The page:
Monday, November 27, 2017

Back at It

I haven't posted a blog since August. I didn't realize it had been so long until just a few minutes ago when I saw my previous post. I can't say exactly why I've been absent for several months,but I suspect there are a number of reasons. Among them, I am far too preoccupied with the state of our nation and the polluted, pathetic, politics of the day.

Then--- there's the matter of Michael returning to classes at Cal State San Marcos for which I am enormously thankful. The beginning of the semester was a bit stressful. Michael hadn't done any reading or writing for three semesters prior to his return thanks to the chaos of seizures,emergencies and hospital stays starting with the bloodied bathroom incident of November 2015 (I'll spare you the picture Dyan) and mercifully, and for reasons unknown, drawing to a close this past February. He is doing well in two complex anthropology classes and is enjoying the learning process. That's all good and it doesn't seem it would impair my ability to string a few thoughts together and put them in writing.

So---here it is- just days from December 1st. November is designated as Epilepsy Awareness Month. Generally, I'd post a few blogs and hope I'd make a difference by reaching someone, somewhere who may not be aware of how devastating and life-altering epilepsy can be both to the individual who has it and the family that cares for and loves them. BUT I have been doing a lot of soul-searching and I am questioning how effective these awareness campaigns (in general, and my own efforts) are. Most of the people reading this blog either know our situation well because they are close friends and family OR they are members of the epilepsy community OR they have read my book (more later on a small awareness breakthrough related to that). So- who am I making aware? Does it help other's with epilepsy in any way?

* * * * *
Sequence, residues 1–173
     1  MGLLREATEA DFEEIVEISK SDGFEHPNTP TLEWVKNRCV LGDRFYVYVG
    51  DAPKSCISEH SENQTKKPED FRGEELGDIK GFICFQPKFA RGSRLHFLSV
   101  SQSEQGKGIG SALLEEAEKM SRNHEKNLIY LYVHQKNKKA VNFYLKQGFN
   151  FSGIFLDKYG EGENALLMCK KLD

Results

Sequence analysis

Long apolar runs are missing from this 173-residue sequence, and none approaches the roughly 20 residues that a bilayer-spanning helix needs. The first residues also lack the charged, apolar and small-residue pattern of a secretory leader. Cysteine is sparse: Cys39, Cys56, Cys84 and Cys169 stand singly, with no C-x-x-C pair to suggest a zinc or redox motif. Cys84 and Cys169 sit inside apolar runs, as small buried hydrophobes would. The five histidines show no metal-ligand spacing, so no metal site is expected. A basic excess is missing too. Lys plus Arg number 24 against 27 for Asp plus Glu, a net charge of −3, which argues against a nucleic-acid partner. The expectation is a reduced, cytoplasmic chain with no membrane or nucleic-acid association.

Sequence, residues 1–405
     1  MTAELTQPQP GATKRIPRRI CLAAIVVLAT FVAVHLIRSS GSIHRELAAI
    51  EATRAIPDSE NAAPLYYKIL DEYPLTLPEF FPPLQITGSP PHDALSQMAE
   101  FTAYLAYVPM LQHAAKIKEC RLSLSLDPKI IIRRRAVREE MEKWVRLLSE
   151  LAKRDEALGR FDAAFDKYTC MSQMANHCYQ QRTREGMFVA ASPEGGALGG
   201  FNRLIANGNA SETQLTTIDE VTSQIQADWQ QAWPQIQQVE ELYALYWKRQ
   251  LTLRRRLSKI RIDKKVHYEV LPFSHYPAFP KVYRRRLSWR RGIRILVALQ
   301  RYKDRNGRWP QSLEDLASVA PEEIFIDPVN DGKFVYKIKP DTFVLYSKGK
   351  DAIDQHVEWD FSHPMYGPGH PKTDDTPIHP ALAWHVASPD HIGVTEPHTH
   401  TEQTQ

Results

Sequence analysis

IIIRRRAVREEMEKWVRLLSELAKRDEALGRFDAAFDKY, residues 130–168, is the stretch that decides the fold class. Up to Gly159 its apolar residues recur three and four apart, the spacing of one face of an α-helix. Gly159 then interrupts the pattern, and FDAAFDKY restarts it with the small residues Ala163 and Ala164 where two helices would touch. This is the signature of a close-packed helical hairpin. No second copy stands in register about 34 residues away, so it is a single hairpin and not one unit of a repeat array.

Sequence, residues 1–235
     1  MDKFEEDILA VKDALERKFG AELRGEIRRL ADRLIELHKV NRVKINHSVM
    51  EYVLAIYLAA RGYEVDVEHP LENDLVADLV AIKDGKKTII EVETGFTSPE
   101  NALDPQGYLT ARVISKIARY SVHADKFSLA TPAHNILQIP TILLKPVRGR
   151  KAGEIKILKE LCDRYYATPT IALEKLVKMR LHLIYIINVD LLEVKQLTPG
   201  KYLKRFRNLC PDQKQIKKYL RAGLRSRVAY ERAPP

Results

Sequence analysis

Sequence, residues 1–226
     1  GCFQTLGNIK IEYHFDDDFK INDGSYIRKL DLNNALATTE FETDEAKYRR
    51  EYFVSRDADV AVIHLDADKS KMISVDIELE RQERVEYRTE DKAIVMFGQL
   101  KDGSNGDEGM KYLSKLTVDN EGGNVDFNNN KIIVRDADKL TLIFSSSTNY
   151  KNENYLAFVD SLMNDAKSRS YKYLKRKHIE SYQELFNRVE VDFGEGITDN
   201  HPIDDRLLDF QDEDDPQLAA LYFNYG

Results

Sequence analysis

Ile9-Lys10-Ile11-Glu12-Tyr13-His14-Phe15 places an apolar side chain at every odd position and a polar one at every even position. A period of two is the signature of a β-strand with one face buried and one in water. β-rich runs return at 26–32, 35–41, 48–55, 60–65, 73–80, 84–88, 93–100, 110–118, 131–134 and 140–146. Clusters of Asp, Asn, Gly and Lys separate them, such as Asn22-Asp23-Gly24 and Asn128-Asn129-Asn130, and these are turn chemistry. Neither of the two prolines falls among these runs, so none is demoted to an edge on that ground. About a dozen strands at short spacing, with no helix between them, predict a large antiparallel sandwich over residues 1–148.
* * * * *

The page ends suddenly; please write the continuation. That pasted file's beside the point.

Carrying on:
But then---there IS that small awareness breakthrough I mentioned. I was chatting with one of my FitTAP classmates before class began last week. She asked about Michael and mentioned she has a dear friend whose young granddaughter was recently diagnosed with epilepsy. She said her friend could barely talk about it without crying and that it had turned the family's life upside down as no medication regimen has proven effective, the child is seizing at school and when playing with friends, and her older sibling is rebelling and resentful. When we continued our conversation after class, my classmate said: " I've told my friend of course you can take care of a seizure if it happens on your watch. It's not as if she's going to die". Hmmmm. Yes-Margie was shocked to learn that indeed her friend's granddaughter Could. Die. From a seizure. I told her follow me to my car---I'd get her something and she could decide how to use it.

I retrieved Missing Michael from my car. I gave it to Margie and suggested she read it and determine whether her friend might feel a little less alone and frightened if she read about our journey and saw that we were intact and strong as a family unit, 28 years after Michael's initial diagnosis. As I reflect upon it, I think there's a lot of hope in the pages of that slim book---hope for the future, hope for a treatment that balances seizure control and quality of life, hope that when people become more aware , there will be greater understanding, less bullying at school, less discrimination in the workplace and a great deal more research. That was what I hoped to accomplish in some small measure through my own efforts at increasing awareness. And, I thought,  if I help just one person feel less alone, it'd be worth baring my family's soul in the book and the subsequent blogs. Over the years, I have heard from quite a number of people that they have felt less isolated and alone after reading about our journey. In and of itself, that's reason enough to keep writing---and keep hoping. those whose lives and loved one's lives are touched by epilepsy/seizures and to those who think they don't know anyone with it (1 in 26 people will have a seizure in their lifetime)---here's to Epilepsy Awareness Month. Hopefully, it WILL make a difference.